by Heiko Khoo
Despite the ferocious and violent campaign orchestrated by the US backed Venezuelan opposition, the election of a Constituent Assembly was carried through successfully on Sunday 30th July. Delegates were elected from a wide range of organizations representing those sections of the population who have an interest in protecting the social gains of the revolution, by establishing mechanisms to reorganize economic and political power in the interests of the masses.
Venezuela’s popular revolution began in 1998 with the election of Hugo Chavez as the country’s president. Four years after his election in 2002, the opposition, backed by the United States, orchestrated a coup d’état, kidnapped the president, and installed a puppet regime. However, the depth of popular support for the revolutionary movement ensured that this coup d’état was swiftly brought to an end by a mass popular uprising.
Chavez had an extraordinary capacity to express the hopes, dreams and aspirations of the Venezuelan masses. He attempted to use the rules of capitalist democracy to shift the balance of power in favour of the poor and the exploited. Venezuela’s vast oil reserves gave Chavez leeway to secure progress in welfare, education, housing, women’s rights, healthcare and indigenous rights, and to enact hundreds of other progressive social and economic reforms. The living standards of the upper strata of society rose at the same time as the poorest sections of society were elevated out of economic penury.
The elite in Venezuela, as in much of South and Central America, is overwhelmingly composed of the descendants of European settlers. Their opulent lifestyle – shuttling between Miami and Venezuela – was destabilized and threatened by the increasing empowerment of the poor and oppressed, who, like Chavez, are descended from indigenous people or Africans. However, what use is money to the elite, if their cleaners, servants, cooks etc., do not respect the authority of those who believe they were born to rule?
High oil prices, numerous electoral victories, and the symbiotic relationship between Chavez and the aspirations of the masses, ensured that the revolutionary democratic transformation towards socialism made dramatic inroads. This neutralized and divided the opposition movement – paralyzing its ability to mobilize successful revolts against the government.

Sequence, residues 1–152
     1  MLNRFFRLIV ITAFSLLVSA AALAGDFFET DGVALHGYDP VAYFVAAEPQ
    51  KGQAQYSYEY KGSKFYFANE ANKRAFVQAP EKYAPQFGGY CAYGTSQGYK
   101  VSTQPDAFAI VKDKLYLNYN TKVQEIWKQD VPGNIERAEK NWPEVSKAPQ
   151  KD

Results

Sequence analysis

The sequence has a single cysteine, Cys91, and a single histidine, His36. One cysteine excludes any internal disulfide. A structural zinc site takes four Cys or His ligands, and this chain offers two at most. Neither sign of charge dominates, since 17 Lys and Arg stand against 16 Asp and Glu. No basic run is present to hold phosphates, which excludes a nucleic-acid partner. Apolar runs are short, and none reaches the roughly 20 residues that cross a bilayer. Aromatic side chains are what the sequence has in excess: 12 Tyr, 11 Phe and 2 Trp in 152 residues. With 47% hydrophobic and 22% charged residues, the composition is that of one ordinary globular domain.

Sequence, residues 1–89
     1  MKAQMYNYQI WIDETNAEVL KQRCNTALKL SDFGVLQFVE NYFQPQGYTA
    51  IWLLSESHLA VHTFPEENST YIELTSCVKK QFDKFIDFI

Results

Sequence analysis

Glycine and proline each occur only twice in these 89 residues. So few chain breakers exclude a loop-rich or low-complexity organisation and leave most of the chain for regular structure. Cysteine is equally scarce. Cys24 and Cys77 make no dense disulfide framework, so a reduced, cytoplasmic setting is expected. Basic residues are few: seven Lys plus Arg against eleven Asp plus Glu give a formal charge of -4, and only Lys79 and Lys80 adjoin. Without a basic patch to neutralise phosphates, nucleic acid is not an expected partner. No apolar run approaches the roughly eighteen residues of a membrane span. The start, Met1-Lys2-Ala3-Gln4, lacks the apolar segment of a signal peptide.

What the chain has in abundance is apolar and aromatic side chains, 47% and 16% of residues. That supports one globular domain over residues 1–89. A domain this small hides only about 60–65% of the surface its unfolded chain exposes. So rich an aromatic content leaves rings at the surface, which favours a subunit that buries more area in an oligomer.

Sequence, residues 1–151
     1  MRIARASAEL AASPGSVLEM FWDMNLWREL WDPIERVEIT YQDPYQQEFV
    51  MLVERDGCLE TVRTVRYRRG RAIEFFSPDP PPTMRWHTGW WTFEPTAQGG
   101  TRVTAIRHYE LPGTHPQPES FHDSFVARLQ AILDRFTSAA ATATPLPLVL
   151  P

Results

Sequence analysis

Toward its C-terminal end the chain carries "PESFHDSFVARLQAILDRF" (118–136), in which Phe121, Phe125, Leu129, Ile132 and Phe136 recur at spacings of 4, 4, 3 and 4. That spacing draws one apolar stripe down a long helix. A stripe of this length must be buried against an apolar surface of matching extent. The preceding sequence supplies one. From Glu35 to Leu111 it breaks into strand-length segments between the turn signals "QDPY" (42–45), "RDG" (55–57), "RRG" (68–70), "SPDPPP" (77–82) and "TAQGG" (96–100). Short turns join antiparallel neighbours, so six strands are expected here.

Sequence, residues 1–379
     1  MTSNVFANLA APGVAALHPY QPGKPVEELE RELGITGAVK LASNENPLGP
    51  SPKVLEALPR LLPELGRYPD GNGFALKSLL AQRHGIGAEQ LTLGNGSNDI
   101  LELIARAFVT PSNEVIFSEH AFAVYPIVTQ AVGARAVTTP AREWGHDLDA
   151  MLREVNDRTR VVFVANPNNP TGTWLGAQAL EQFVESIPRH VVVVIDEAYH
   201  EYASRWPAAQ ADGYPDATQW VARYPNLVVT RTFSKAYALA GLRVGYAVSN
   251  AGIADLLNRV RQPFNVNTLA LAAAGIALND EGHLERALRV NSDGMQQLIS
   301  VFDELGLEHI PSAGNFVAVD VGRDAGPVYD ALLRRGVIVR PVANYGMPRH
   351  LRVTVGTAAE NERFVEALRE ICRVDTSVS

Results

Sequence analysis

The opposition has always cried foul. So, whenever Chavez won an election they claimed it was fraud. When policies were introduced that they did not approve of, they orchestrated campaigns of violence and sabotage. The struggle against the revolution has been carried out by any means necessary.
When Hugo Chavez died in 2013, Nicolas Maduro became his successor. It is certainly true, that he lacked the unique qualities of his mentor, who could express and incarnate the mood and spirit of the masses.
At each stage of the revolutionary process, bureaucratic administrators controlled the flow of resources – from oil revenue to society – and accumulated power and wealth. Too often this generated a self-serving elite within the government, who filled their own pockets first. They issued contracts, grants and loans to their own associates, friends and family. Venezuela’s capitalist elite resented this upstart bureaucratic power which was eating away at its own opportunities for accumulation. It is certainly true, that corruption inside the state bureaucracy served to undermine the popular enthusiasm for the revolution.